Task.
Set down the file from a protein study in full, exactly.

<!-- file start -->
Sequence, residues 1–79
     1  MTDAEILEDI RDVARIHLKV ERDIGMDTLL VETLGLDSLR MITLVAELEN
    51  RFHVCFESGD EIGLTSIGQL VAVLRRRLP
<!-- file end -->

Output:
Sequence, residues 1–79
     1  MTDAEILEDI RDVARIHLKV ERDIGMDTLL VETLGLDSLR MITLVAELEN
    51  RFHVCFESGD EIGLTSIGQL VAVLRRRLP